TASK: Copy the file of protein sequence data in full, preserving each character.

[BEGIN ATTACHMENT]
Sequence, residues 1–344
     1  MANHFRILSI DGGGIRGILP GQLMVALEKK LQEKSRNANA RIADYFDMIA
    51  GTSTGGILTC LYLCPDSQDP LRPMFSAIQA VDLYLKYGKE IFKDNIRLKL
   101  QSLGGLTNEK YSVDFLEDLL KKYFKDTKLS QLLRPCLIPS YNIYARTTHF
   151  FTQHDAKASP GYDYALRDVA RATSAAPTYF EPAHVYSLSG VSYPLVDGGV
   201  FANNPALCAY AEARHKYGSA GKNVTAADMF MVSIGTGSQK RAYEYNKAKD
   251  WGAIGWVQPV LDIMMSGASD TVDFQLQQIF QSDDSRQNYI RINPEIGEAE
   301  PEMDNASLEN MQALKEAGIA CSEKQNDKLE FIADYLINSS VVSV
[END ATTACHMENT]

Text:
Sequence, residues 1–344
     1  MANHFRILSI DGGGIRGILP GQLMVALEKK LQEKSRNANA RIADYFDMIA
    51  GTSTGGILTC LYLCPDSQDP LRPMFSAIQA VDLYLKYGKE IFKDNIRLKL
   101  QSLGGLTNEK YSVDFLEDLL KKYFKDTKLS QLLRPCLIPS YNIYARTTHF
   151  FTQHDAKASP GYDYALRDVA RATSAAPTYF EPAHVYSLSG VSYPLVDGGV
   201  FANNPALCAY AEARHKYGSA GKNVTAADMF MVSIGTGSQK RAYEYNKAKD
   251  WGAIGWVQPV LDIMMSGASD TVDFQLQQIF QSDDSRQNYI RINPEIGEAE
   301  PEMDNASLEN MQALKEAGIA CSEKQNDKLE FIADYLINSS VVSV